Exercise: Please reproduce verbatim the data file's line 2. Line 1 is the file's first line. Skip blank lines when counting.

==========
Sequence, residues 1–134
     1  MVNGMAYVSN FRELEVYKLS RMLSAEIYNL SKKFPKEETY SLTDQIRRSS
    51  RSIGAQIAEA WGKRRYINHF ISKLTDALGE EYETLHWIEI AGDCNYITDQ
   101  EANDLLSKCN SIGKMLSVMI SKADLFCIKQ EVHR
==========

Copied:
     1  MVNGMAYVSN FRELEVYKLS RMLSAEIYNL SKKFPKEETY SLTDQIRRSS